Tim Heyl, a mega agent with Keller Williams and a budding tech entrepreneur, argues that the residential real estate industry’s business model is going in two directions and that successful firms don’t want to be caught in the middle.

Tim Heyl, the chief executive of Homeward as well as the leader of one of the top teams in the country, believes real estate brokerages should avoid “the messy middle.”

Tim Heyl

Redfin and Opendoor, which are both focused on putting the consumer at the center of the residential transaction, are at one end of the spectrum. They both run efficient business models with salaried employees.

“Redfin is this super-efficient, controlled business model and Compass is this super inefficient, uncontrolled business model that is looking to increase commissions,” said the Keller Williams team leader. “You want to beat Compass, or beat Redfin, but anything in between those two companies is the messy middle.”

“As companies, we fail if we’re in between those models,” Heyl added.

He made the remarks at a CEO Connect panel at Inman 2019 Connect, Las Vegas on Tuesday.

Heyl believes Redfin and Opendoor will resemble each other in the next five to 10 years.

Sarah Kirsch Richardson

As someone who currently runs two businesses now, with an agent team and a startup, he’s existed in that messy middle. One of the biggest mistakes he made was “building his business completely around the agent,” he said.

Companies that put the consumer at the center and fought against the traditional transaction are the ones that have gotten unlimited access to capital.

Sarah Kirsch Richardson, the CEO of Tru Realty, disagreed slightly on the differentiation between Compass and Opendoor, saying that she believes it’s SoftBank — the venture capital fund that’s heavily backed both companies — that’s trying to “control luxury from the top down.”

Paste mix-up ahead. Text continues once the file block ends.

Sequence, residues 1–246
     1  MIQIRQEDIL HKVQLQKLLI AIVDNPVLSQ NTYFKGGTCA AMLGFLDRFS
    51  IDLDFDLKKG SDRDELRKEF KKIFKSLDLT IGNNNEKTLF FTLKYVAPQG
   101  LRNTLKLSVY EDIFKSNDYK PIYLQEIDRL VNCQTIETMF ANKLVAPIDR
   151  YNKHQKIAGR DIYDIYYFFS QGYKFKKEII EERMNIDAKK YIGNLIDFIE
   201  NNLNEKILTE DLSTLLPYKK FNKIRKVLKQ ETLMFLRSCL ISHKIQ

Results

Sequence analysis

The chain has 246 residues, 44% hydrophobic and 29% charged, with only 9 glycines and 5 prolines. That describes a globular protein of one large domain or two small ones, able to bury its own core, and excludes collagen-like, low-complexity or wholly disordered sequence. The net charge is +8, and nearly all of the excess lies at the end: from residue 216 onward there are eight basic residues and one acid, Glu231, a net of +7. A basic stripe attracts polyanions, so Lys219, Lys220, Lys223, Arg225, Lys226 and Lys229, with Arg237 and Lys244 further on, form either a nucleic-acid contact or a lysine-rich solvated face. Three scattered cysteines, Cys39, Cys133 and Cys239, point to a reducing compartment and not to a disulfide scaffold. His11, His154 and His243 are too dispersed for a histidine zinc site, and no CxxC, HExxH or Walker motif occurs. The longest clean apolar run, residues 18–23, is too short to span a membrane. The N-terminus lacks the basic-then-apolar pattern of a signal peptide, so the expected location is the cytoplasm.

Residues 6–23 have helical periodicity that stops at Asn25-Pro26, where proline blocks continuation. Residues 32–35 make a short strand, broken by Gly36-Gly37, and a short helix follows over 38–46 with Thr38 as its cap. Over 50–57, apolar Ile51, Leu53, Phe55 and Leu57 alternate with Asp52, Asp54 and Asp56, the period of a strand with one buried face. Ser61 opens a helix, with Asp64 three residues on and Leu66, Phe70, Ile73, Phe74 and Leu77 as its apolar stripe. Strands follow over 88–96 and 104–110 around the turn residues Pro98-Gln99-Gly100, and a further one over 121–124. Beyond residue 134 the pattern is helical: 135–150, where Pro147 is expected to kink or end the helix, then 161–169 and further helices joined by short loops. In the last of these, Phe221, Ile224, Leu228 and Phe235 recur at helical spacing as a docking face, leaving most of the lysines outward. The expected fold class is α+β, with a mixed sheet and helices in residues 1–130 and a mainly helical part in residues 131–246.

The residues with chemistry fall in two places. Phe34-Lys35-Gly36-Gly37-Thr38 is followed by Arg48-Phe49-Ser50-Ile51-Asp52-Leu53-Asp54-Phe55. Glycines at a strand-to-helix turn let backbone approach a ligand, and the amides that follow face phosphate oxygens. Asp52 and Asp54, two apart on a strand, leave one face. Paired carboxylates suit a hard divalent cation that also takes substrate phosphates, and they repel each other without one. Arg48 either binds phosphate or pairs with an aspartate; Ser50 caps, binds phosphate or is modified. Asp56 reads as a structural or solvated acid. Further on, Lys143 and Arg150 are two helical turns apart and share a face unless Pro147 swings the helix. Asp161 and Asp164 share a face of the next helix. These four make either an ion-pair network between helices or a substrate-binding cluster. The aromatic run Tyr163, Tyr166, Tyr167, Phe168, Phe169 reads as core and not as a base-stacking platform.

The discussion stemmed from a panel at the invite-only CEO Connect event at Inman Connect in Las Vegas. The panel, titled, “You and The Instant Offer Movement?” focused on how agents can benefit from the iBuyer craze.

Richardson built her company in 2010, she said, to exploit the cheap property values in the Phoenix area. Phoenix has become a sort-of ground zero for the iBuyer movement. Richardson has fully embraced the iBuyer, with a call center in Chandler, Arizona, making 20,000 calls a week. She’s also made a big push toward education for agents.

Craig McClelland

“For us, it’s educating our agents on what they have to say in a listing presentation because if they’re not having a conversation with their sellers about iBuyers, or about what we can provide as a service, they’re probably going to lose the business,” Richardson said.

Craig McClelland, the vice president and chief operating officer of Better Homes and Gardens Real Estate Metro Brokers in Atlanta, is also operating in a crowded iBuyer space. His brokerage has more than 2,400 agents competing with the likes of Opendoor, Offerpad, Zillow and Knock.

“We are inundated with every iBuyer, every new program, every idea someone comes up with comes to Atlanta,” McClelland said. “We have 2,400 agents, my job was to find a way to explain, tell the story, weaponize the agents to still do business.”

“We don’t see this as a threat,” McClelland added. “We see it as an opportunity. We’re helping you through that”

One of the ways that BHGRE Metro was able to do that was through a partnership with zavvie, a tech startup that white labels an iBuyer comparison tool.

“Instead of teaching 2,500 agents how to submit an offer through an iBuyer, what we did that actually changed the game for us, was we hired [zavvie],” McClelland said. “We have one form the agents fill out. When they hit submit, it goes to a team that aggregates all the offers from all the iBuyers and it sends them back to the agent.”

Email Patrick Kearns

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